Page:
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IIS Bindings 101

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IIS Bindings 101


This is Steve with and in this video, we're going to do things a little differently. We’re going to be discussing IIS bindings. Now you’ll see in newer versions of Windows Server 2012 r2, you’re going to have the start button but you might not have that so you can go ahead and find your way to IIS. I’m just going to hit the Windows key here. Type in IIS and I’m going to launch IIS 7.5 because I’m on the new version server.


So, we will expand our tree out, and we will find that we've got our sites just below here. This is all the sites that are currently running on the server that we're working on. You will see we have our, which is our public site that we will be discussing today. We’ll go ahead, right click that, and go down to edit bindings. We’ll see that we have our host name and port number and IP addresses. These are the three main things are going to have on every binding for a website. We see our current IP address that is assigned there, and our host header.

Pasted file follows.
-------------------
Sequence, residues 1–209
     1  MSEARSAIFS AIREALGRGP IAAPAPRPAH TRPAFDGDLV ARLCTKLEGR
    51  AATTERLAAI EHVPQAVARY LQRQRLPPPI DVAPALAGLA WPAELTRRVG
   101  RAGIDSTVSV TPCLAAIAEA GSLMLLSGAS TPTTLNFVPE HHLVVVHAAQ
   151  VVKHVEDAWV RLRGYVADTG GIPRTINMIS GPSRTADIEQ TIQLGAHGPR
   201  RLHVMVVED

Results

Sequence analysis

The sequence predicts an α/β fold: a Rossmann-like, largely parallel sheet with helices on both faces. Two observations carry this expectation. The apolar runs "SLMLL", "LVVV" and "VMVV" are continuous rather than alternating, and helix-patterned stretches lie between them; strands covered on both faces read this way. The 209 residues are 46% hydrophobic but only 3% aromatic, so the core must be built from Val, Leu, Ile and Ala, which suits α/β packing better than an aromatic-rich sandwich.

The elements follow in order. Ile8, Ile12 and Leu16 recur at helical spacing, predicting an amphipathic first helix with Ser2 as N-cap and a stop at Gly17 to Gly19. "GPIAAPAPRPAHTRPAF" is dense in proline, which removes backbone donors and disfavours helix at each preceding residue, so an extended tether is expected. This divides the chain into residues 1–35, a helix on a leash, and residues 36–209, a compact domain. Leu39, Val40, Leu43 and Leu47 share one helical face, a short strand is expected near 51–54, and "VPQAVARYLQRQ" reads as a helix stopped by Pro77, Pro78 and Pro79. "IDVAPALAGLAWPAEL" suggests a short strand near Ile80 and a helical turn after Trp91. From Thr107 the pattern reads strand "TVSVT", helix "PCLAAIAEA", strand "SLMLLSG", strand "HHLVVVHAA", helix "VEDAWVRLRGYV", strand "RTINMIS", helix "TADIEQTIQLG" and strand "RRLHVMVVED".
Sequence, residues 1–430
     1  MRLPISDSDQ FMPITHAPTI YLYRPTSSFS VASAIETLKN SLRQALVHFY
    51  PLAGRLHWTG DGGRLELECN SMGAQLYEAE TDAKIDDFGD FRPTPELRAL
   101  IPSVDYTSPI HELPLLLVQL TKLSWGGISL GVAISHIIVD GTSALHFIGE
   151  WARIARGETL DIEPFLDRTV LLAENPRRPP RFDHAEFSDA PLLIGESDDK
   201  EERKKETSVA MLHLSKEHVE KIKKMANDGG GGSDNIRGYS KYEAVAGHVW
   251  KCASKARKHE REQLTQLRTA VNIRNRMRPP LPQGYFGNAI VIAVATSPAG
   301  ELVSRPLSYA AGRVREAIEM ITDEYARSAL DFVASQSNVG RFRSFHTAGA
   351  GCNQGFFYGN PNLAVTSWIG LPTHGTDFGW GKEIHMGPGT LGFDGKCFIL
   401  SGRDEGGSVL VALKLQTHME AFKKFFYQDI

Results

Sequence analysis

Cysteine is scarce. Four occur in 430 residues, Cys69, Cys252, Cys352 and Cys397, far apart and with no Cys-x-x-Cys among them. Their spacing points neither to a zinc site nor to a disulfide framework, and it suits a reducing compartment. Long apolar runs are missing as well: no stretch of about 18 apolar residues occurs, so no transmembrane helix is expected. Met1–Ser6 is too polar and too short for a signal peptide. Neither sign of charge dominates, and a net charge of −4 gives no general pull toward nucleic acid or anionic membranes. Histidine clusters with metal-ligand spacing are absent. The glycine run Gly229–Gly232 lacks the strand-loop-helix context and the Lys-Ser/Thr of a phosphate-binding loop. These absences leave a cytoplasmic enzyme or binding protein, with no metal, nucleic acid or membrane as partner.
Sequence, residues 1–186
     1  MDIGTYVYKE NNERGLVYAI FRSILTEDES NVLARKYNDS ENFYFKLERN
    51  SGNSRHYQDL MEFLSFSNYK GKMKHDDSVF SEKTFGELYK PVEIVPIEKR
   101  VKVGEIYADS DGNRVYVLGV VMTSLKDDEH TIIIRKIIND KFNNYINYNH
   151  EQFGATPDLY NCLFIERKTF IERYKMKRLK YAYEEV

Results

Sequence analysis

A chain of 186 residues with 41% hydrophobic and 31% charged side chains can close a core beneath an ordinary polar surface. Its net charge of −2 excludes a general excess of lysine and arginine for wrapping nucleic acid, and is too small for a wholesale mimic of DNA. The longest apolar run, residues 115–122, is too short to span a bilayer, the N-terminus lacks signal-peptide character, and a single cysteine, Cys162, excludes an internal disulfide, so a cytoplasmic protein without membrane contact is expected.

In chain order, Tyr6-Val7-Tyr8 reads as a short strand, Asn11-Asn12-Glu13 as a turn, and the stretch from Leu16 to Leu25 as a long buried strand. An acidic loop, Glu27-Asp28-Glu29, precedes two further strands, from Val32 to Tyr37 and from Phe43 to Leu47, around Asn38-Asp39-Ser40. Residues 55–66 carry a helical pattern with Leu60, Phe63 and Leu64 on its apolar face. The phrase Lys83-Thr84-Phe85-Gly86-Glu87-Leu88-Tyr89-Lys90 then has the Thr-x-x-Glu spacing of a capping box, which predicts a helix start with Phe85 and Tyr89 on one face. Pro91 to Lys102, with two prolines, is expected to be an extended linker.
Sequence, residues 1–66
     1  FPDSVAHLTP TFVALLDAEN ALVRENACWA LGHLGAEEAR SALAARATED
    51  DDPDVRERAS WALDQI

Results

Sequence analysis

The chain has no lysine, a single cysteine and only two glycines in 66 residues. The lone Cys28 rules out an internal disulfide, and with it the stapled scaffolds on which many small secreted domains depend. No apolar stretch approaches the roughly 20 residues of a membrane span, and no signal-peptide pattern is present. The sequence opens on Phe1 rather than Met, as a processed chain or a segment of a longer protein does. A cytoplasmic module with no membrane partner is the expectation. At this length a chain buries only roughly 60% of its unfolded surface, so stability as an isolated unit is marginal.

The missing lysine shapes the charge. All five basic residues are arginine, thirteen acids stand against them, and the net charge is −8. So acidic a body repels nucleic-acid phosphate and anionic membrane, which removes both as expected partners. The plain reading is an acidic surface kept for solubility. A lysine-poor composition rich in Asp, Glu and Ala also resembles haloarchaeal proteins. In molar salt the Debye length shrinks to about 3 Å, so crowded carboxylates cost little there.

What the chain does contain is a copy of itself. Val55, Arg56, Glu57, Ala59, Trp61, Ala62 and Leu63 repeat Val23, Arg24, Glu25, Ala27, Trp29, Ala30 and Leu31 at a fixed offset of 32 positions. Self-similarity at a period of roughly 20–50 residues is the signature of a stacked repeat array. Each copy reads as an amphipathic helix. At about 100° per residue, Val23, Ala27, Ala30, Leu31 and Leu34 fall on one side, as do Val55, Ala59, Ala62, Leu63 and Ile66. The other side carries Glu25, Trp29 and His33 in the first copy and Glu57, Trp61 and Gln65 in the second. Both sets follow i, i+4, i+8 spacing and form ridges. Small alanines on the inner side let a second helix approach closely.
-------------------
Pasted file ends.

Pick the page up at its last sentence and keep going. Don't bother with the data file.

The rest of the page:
Now what you can do is, you only need to have two of these three items to actually make a website run. So you see we have our inside address, so if we want to know what our outside address is, we’re going to do in an NS look up and then the site name, which is going to be, go ahead and type that in. An NS lookup’s default record is going to locate as an A record, which is what's needed to translate your URL into the public IP address that loads the site on the server. You’ll see that our IP address is going to be that for our site which is added to our inside address which is set up in the binding. I’m going to close this out.

I've got a browser open up outside of the server here. That way we’re not doing local redirection. Now type the address in for the site that we're trying to load. I’m going to go ahead and sign in with my cache credentials to my admin account. You'll see that the site is going to load. We've got all three fields are filled out on server for the binding and the page will load. Now if we go back to the server and we remove that hostname take the host header out of it. We’re still going to have two of our field. We’re still going have our IP address and our port number. Let’s go ahead and save that then we’ll go back to the site, again off the server. I'm going to actually open up an incognito window, that way we’ve got no cached content, it will be completely clean window, it will reloaded it from scratch. Now our sites going to come right back up. Of course, I do have to authenticate again, since we have a clear cache. Here comes our site, still working without the host header entry in the binding.